Therefore, this Amendment says that by regulations which the right hon. Gentleman would make, and, therefore, over which we in this Chamber would have ultimate control, he should plan the dissolution of this body. Of course, it cannot stop tomorrow, even if the Bill were passed into law with this Amendment. Obviously, it must have some sort of slowing down—a period on a care-andmaintenance basis, if hon. Members like —until the right hon. Gentleman decides what is the appropriate moment. Of course, there are further Amendments later on, on which my hon. Friends and I will be able to amplify the various aspects of this matter, but that for which we are now asking general acceptance is the proposition that the time has come for the Corporation to end.

If that proposition is accepted, then we say that the best way for it to come to an end is by some regulatory function of the Secretary of State, because he would then come before the House and give us the time within which, under the regulations, he thought this should happen. I do not see that there is any exception to be taken to this as a method, granted that it is agreed that winding up is desirable; though I can quite see that that may be a matter of difference between hon. and right hen. Gentlemen opposite and my hon. Friends and myself on this side. But I do say that I think it is clear from the drafting of the Bill before us that there is not in it any provision whereby the Overseas Food Corporation could come to an end. As I read the Bill, it would require fresh legislation for that.

I give this as a little encouragement to the right hon. Gentleman, because it may well suit him very well to act in that way. If our subsequent Amendments, or something like them, are accepted, it may suit him very well to bring the Corporation to an end, and in that case I am quite sure he would not want to have legislation about it, but that it would be a convenience to close these activities by regulations presented to the House and subject to the approval of the House.

That is the case for this Amendment. It is a perfectly simple one. The main issue is whether or not we want the Corporation to go on with the attenuated functions and with the very small sphere of activities it is to have in the future. I should not have been so certain about this if it had not been for the fact that the Corporation itself, in its own report to the Minister of Food, said that it did not contemplate embarking on any further schemes in East Africa or anywhere else. Therefore, it has talked itself from going very far afield. The right hon. Gentleman, on the earlier Amendment, said that he was prepared to consider even taking away its powers to do anything except in East Africa.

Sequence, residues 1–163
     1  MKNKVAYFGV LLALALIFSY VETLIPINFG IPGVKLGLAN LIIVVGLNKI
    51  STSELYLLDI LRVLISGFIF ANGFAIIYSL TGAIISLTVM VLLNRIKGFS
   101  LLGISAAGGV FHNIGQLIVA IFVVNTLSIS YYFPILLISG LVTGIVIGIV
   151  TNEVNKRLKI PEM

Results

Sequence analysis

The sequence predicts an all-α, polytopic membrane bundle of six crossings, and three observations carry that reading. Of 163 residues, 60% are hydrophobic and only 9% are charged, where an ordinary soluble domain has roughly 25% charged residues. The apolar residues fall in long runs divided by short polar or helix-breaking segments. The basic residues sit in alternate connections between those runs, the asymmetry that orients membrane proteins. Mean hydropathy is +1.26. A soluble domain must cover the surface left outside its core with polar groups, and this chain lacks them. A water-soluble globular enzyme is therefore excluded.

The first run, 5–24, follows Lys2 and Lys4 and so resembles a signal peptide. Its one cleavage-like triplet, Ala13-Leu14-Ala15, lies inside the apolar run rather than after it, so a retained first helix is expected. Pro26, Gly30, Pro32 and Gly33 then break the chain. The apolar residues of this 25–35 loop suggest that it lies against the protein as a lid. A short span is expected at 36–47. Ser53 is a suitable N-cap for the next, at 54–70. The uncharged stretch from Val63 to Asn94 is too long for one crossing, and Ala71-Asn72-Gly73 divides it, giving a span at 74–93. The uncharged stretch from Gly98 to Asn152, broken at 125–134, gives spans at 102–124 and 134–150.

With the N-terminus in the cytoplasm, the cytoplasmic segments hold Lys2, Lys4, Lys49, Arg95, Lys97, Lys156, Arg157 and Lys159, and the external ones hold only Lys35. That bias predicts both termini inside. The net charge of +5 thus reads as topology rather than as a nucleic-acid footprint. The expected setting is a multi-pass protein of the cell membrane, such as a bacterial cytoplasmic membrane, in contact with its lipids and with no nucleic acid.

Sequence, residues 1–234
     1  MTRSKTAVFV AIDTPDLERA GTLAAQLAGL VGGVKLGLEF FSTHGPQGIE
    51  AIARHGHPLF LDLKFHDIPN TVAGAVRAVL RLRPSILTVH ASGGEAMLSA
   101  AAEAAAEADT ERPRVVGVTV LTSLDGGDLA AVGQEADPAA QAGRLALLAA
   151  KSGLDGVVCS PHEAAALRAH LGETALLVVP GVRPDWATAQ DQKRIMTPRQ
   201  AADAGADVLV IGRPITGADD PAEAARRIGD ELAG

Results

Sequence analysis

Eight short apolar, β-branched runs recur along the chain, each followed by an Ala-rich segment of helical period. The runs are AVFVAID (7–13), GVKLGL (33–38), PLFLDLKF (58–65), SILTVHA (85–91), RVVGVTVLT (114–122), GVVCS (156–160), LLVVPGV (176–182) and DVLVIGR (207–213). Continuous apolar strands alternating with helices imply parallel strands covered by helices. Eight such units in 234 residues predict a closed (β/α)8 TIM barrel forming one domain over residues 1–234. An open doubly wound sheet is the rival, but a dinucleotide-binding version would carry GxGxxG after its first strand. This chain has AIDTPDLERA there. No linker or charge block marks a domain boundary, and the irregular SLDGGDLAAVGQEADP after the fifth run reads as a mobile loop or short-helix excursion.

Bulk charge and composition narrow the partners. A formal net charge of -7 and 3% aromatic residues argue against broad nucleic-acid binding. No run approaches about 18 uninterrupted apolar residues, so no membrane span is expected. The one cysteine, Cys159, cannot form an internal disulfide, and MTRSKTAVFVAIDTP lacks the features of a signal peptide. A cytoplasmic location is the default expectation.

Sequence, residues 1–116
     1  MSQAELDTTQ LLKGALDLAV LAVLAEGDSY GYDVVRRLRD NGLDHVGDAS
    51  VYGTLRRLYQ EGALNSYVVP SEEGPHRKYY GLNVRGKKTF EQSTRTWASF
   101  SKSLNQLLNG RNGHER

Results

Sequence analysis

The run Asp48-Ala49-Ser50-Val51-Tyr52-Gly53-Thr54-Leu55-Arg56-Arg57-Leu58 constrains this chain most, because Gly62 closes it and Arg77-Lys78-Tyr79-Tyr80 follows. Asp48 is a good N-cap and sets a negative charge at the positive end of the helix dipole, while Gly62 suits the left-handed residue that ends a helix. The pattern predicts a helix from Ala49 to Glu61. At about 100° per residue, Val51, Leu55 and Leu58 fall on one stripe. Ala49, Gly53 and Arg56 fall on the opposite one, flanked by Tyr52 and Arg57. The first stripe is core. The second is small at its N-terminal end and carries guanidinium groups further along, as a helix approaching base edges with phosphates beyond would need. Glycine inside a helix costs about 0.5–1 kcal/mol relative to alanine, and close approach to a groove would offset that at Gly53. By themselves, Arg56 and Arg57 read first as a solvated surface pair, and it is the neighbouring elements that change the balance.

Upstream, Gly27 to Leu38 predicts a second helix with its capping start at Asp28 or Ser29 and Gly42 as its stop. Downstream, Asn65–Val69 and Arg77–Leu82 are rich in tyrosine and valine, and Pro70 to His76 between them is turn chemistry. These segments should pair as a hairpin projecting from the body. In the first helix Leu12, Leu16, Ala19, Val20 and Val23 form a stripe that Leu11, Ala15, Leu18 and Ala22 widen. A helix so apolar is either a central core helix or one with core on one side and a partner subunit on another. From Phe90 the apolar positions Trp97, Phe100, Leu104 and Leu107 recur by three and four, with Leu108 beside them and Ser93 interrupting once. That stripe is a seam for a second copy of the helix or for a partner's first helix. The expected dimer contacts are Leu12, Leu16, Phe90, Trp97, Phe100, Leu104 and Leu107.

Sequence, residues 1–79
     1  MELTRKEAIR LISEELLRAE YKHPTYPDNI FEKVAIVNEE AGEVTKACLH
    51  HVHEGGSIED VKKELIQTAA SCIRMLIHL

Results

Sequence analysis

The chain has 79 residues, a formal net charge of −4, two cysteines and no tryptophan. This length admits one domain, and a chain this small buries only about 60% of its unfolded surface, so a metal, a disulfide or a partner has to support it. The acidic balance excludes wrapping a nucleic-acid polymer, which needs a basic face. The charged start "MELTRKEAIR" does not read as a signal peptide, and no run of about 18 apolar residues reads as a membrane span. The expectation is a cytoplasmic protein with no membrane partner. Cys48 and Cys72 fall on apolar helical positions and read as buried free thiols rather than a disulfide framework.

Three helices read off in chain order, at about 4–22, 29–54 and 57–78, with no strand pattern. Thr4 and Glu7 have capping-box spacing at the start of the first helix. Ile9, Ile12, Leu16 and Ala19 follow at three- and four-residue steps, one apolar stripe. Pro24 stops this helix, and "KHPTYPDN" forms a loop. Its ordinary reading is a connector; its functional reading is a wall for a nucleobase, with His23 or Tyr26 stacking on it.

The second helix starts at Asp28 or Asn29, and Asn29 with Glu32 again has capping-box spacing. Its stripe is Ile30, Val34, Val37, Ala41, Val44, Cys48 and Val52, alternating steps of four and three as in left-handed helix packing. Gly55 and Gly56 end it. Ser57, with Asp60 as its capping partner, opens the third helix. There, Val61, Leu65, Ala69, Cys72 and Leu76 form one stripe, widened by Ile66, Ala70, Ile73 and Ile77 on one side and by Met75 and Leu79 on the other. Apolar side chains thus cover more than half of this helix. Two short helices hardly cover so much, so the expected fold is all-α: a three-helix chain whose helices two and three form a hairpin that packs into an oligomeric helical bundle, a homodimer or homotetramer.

When we look back to the 1948 Act and see the tremendous opportunities which were given to it—I am not blaming it for not taking the opportunities; that is not my point at the moment—and compare the opportunities which will be left after this Bill is passed, I think it would be convenient for it to be closed down. We will discuss later what remains to be done, but as a general proposition it should be closed down within a reasonable time limit to be laid down by the right hon. Gentleman under regulations approved by this House. The proposition which my right hon. Friends and I put before the Committee is that the Corporation should be closed down, though I must admit that, owing to drafting difficulties, the Amendment does not look as if it meant anything of the kind.

Mr. J. Griffiths

As to whether the effect of the present wording would be to wipe out the Corporation altogether, my legal advice is that the fears of the right hon. and gallant Gentleman on that score are unfounded. In the Second Reading debate my right hon. Friend the Minister of Food, and myself, in closing the debate, discussed the question of accepting this Scheme in this limited form, in this limited area—which may still be further limited by what I have promised to look at between now and the next stage—and whether it was desirable that this new revised scheme should be undertaken by a Corporation reduced in number, sited in future in Tanganyika, working in close association with the Tanganyikan Government, with a representative of that Government on the new Corporation under the supervision of the Colonial Office, and in that way in close association with the Colonial Development Corporation.

Is it best to continue the Corporation, or would it be better to wind up the Corporation? If we did that we should have to consider whether some other body would have to take it over. We considered that, and I do not think that at this stage the Committee would expect me to go into the arguments. I considered, first of all, whether the Colonial Development Corporation might take it over and came to the conclusion that it would be better if the present Corporation were maintained—the Corporation for this Scheme for its limited purpose. At some time in the future we shall have to consider the future of this Scheme. Obviously, we shall have to consider it, not only as a matter concerning this Government but in association with the Government of Tanganyika.